May 12 2009 Posted: 00:00 IST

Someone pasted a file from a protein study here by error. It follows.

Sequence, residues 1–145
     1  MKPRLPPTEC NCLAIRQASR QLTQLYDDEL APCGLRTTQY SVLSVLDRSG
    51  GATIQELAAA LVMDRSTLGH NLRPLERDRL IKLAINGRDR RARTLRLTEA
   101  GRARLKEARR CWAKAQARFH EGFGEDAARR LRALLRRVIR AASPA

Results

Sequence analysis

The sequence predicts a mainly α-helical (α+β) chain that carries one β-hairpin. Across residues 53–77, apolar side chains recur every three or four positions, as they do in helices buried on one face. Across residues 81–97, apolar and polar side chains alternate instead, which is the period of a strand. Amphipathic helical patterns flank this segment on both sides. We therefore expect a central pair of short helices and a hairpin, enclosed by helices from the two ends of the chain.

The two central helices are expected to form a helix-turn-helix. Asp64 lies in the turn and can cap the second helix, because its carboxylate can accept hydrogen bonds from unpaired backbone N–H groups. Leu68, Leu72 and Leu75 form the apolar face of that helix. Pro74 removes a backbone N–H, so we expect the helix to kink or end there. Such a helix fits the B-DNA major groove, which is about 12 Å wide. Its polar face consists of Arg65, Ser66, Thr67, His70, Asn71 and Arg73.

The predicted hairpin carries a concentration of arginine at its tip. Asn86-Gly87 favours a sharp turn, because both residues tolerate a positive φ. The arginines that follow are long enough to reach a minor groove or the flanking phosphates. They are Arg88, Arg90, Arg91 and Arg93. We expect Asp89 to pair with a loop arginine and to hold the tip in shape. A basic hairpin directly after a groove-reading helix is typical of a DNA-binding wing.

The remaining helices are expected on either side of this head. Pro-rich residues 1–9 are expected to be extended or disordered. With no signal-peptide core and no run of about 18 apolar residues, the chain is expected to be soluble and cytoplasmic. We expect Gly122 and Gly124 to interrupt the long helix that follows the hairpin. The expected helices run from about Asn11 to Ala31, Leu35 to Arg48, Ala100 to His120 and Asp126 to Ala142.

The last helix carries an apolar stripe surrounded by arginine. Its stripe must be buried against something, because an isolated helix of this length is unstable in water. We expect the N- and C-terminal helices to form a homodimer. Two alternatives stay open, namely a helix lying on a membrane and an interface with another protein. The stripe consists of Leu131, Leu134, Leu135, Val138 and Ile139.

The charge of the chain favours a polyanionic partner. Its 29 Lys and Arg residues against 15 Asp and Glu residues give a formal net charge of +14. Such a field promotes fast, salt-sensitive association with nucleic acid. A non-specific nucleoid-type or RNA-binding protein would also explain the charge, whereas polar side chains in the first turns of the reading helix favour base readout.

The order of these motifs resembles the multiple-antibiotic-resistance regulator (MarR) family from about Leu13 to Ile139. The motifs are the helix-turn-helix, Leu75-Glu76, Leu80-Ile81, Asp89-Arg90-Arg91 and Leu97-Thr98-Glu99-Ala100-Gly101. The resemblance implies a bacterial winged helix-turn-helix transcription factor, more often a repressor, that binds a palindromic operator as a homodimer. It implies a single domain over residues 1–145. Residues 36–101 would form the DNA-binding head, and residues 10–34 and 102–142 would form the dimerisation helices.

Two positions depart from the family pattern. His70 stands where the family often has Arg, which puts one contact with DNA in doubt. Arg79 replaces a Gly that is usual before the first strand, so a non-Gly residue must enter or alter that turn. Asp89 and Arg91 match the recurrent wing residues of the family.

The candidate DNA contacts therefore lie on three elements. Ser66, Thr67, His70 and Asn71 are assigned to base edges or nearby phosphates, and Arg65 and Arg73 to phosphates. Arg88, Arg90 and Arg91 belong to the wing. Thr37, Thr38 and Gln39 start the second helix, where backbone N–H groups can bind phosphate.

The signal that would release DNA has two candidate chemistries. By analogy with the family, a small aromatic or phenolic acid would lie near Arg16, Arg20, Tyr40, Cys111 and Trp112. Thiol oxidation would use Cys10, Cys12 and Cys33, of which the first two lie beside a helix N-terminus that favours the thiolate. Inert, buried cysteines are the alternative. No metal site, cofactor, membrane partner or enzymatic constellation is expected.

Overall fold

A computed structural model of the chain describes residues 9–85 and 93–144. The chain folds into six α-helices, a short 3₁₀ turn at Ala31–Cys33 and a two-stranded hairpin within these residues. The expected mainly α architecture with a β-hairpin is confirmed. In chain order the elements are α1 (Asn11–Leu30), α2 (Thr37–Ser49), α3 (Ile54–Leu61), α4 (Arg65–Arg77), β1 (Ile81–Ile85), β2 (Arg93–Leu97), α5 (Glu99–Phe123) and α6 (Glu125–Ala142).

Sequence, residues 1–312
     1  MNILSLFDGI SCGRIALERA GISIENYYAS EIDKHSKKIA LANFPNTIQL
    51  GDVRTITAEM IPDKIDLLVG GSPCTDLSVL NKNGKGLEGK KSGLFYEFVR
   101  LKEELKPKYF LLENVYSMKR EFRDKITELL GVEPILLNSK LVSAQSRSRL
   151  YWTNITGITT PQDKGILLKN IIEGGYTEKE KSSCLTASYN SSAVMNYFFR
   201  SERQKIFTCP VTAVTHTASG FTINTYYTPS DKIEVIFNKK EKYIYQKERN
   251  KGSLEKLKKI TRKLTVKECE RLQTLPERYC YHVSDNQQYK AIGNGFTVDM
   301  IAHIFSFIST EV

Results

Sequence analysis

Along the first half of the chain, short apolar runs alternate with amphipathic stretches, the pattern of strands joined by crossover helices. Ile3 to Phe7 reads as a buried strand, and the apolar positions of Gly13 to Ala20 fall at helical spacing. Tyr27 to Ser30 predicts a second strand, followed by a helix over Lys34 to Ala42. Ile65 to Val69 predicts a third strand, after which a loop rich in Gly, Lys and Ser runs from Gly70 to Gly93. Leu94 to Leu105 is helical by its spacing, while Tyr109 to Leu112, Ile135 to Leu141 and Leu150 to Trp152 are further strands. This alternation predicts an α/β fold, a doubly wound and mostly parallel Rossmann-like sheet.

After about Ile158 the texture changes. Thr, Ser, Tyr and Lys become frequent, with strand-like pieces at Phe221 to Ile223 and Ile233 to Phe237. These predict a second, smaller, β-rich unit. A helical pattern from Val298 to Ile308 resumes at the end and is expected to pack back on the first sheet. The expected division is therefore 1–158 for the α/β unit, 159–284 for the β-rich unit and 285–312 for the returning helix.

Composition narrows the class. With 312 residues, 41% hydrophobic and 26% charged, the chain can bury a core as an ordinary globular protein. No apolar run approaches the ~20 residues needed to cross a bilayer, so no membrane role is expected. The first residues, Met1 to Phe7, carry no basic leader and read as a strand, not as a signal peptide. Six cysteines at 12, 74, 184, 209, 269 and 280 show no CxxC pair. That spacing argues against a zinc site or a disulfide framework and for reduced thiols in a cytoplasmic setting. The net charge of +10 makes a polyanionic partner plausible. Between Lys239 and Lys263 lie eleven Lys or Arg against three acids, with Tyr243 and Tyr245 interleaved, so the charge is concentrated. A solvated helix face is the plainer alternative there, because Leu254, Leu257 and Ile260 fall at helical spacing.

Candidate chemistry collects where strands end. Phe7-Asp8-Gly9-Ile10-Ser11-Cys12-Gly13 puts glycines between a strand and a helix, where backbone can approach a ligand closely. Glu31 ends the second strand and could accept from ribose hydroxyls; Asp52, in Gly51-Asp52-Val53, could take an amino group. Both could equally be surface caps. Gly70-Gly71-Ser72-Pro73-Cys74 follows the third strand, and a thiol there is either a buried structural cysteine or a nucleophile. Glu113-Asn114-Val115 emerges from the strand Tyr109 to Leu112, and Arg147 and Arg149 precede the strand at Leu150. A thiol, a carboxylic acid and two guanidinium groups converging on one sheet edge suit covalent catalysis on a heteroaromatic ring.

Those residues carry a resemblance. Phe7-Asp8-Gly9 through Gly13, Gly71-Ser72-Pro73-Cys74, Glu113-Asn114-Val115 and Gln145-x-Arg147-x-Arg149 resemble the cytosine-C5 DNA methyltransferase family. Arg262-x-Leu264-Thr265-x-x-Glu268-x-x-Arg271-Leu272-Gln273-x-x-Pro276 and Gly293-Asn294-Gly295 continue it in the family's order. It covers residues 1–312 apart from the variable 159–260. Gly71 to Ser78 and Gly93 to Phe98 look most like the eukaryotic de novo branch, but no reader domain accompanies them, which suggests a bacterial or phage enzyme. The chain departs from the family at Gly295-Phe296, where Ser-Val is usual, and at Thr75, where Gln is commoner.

The winner of this year's Inter-college Technology Development Competition is Eoghan Clifford, Research Engineer from NUI Galway's College of Engineering and Informatics. The winning technology is based on developing a novel integrated process technology to convert organic carbon, solids, nitrogen, phosphorus, odours and greenhouse gases (present in municipal, industrial and agricultural biosolids) to high-value useful products in a market worth about € 3.5 billion per annum in Europe alone. The Inter-College Technology Development Competition is a collaborative programme between NUI Galway, TCD and UCC and is funded by the Higher Education Authority (HEA) under the Strategic Innovation Fund (SIF) which includes multidisciplinary teams and cross-university teams working together on the commercialisation of research and technology transfer. One of the competition organisers Fiona Neary of the Ignite Technology Transfer Office, NUI Galway said: "The standards were very high and the expert panel made up of Venture Capitalists, funding agencies, business and academic professionals were extremely impressed by the level of technologies showcased. It was an exciting event where feedback from the experts revealed that more entrepreneurial training with a strong focus on market validation and financial strategy is critical to deliver successful commercial opportunities". Throughout the programme participants from NUI Galway, TCD and UCC were given training and mentoring to assist them prepare and present their commercial opportunities to an experienced panel. The variety of technologies ranged from a bartering system for online services, the next Google, solar technologies, knowledge transfer algorithm and minute batteries. Ms Neary added: "These emerging technologies with the convergence of innovation, training and commercialisation will help deliver Irelands Smart Economy of the future". Dr Michael Rodgers from NUI Galway's College of Engineering and Informatics, and supervisor for the winning project, said: "It is very exciting to be part of the winning team. There is an urgent need to develop new technologies that can sustainably process increasing volumes of biosolids generated during the treatment of municipal, agricultural and industrial wastes. I would like to extend my congratulation to Eoghan and the other members of the team, Edmond O'Reilly, Eimear Ruane, Kathy Carney and Dr Aoife Keady".